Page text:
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R.A.C.E. Mentoring Through Social Media


reviewed by Angelina E. Castagno & Ijeoma Ononuju — December 19, 2017

coverTitle: R.A.C.E. Mentoring Through Social Media
Author(s): Donna Y. Ford,‎ Michelle Trotman Scott,‎ Ramon B. Goings,‎ Tuwana T. Wingfield,‎ & Malik S. Henfield (Eds.)
Publisher: Information Age Publishing, Charlotte
ISBN: B01MS4KKCP, Pages: 322, Year: 2016
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Cite This Article as: Teachers College Record, Date Published: December 19, 2017
http://www.tcrecord.org ID Number: 22214, Date Accessed: 10/15/2018 5:35:52 PM

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About the Author
  • Angelina Castagno
    Northern Arizona University
    E-mail Author
    ANGELINA E. CASTAGNO, PhD, is an Associate Professor of Educational Leadership and Foundations at Northern Arizona University. Her teaching and research centers on equity and diversity in U.S. schools, and particularly issues of whiteness and Indigenous education. Her work draws on Critical Race Theories, including Tribal Critical Race Theory and critical whiteness studies. Her most recent publication is an edited volume (with Teresa L. McCarty) called The anthropology of education policy: Ethnographic inquiries into policy as sociocultural process, with Routledge. She also published Educated in Whiteness: Good intentions and diversity in schools in 2014, with the University of Minnesota Press.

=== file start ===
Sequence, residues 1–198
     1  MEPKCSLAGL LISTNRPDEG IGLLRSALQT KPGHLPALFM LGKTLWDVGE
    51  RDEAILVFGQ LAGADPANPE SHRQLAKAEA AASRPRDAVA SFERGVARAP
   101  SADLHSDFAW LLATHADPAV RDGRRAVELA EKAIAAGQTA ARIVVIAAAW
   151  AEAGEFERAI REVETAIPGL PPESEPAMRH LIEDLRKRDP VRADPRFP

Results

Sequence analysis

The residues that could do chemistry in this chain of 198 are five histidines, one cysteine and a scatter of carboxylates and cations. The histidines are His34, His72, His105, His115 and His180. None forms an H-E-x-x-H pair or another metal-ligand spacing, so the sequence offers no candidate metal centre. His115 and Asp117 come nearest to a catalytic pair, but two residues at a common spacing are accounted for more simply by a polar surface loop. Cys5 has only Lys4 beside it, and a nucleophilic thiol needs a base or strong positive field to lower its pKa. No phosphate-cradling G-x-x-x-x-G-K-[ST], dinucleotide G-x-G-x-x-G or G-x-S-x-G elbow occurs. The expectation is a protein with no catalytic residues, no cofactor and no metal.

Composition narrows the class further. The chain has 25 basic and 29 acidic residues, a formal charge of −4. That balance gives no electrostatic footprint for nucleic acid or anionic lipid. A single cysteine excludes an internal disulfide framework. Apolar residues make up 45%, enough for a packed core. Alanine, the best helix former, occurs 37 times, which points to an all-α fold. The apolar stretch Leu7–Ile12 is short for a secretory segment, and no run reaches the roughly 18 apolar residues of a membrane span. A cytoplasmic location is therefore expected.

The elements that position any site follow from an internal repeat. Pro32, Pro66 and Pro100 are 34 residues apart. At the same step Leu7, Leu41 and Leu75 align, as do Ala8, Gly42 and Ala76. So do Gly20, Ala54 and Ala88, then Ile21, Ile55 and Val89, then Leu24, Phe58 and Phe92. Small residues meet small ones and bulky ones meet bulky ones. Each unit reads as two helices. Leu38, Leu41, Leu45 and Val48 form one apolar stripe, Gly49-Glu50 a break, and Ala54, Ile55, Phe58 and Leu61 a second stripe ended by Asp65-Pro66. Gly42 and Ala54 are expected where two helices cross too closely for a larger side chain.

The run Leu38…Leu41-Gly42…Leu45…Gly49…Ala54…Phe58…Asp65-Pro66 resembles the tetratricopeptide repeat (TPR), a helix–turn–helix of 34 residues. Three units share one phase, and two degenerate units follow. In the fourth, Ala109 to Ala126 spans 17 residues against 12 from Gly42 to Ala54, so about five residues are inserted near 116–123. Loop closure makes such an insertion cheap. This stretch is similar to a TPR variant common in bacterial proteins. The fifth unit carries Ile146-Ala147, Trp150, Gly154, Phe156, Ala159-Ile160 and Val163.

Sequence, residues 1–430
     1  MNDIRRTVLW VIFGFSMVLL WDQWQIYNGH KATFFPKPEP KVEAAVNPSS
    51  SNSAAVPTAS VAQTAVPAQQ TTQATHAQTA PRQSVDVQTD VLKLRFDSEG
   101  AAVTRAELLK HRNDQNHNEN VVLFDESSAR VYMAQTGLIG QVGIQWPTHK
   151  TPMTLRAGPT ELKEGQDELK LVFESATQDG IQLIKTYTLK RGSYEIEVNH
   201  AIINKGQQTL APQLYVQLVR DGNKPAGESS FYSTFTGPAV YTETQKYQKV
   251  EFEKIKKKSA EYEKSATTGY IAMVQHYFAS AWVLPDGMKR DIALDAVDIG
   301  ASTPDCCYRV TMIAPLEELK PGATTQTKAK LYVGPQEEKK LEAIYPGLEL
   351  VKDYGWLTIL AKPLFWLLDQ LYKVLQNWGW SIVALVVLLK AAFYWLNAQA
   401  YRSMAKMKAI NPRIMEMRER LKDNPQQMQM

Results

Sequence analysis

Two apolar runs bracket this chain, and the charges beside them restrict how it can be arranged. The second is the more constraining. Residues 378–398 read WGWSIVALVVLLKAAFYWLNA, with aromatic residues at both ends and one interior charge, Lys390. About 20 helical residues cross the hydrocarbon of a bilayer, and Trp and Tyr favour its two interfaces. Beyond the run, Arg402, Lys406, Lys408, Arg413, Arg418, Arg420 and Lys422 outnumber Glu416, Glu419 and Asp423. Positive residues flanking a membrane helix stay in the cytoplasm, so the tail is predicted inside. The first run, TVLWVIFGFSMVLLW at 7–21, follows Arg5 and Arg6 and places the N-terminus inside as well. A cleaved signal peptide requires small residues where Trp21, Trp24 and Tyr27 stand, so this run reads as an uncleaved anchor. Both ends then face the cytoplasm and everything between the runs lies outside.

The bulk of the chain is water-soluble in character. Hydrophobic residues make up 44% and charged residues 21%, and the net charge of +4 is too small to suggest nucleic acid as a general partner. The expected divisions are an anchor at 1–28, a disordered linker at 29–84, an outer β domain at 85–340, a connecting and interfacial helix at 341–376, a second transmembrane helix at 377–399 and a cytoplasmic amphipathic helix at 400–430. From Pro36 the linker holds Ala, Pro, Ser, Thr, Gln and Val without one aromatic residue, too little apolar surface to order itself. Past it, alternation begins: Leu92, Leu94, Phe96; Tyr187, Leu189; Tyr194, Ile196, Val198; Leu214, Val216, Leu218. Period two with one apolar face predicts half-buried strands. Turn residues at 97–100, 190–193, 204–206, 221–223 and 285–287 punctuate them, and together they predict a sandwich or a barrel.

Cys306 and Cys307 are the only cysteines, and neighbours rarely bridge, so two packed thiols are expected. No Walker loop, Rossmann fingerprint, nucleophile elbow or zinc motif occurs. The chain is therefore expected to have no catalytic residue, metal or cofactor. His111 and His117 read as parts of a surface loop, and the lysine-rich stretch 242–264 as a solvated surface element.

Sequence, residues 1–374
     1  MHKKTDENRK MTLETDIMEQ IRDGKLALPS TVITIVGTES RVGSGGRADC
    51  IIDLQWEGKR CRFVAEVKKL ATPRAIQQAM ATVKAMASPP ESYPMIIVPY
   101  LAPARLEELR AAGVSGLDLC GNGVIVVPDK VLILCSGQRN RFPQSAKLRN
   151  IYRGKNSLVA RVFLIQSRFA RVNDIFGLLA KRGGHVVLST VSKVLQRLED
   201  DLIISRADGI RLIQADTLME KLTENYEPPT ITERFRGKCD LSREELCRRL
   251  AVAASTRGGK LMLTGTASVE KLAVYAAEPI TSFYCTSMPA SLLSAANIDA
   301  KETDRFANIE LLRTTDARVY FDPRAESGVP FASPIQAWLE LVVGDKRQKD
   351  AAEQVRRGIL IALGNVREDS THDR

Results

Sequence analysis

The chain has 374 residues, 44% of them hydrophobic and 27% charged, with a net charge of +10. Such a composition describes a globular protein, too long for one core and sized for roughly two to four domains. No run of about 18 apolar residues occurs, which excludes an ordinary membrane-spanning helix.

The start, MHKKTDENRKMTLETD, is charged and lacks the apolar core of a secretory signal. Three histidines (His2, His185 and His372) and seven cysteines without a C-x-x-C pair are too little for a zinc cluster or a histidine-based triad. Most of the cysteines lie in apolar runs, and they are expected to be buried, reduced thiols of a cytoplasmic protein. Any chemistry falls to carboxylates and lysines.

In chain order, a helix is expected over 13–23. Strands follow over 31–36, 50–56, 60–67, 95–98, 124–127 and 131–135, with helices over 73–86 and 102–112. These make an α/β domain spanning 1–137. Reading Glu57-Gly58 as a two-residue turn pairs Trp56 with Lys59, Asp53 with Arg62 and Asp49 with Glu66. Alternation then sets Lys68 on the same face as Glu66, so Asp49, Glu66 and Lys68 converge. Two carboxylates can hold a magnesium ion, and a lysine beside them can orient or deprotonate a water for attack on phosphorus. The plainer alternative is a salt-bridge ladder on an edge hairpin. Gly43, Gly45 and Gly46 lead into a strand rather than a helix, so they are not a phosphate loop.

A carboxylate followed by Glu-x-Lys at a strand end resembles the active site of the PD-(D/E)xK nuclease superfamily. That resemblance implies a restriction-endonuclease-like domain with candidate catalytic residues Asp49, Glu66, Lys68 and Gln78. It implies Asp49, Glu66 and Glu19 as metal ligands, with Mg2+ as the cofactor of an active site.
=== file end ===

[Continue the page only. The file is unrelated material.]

• Ijeoma Ononuju
    Northern Arizona University
    E-mail Author
    IJEOMA ONONUJU, PhD, is a Clinical Assistant Professor at Northern Arizona University in the Department of Educational Leadership. A recent graduate of the University of California—Davis, his research examines the pathways and leadership practices of indigenous & community-based educational leaders, and especially Black male school leaders. Current publications in the International Journal of Leadership in Education, Journal of School Violence, and Journal of Urban Learning, Teaching, and Research discuss the value of working and leading in the community from which one was raised, as well as theorizing about the application of an ethic of grace for educational leaders as a process of engaging students in a more authentic way.
 
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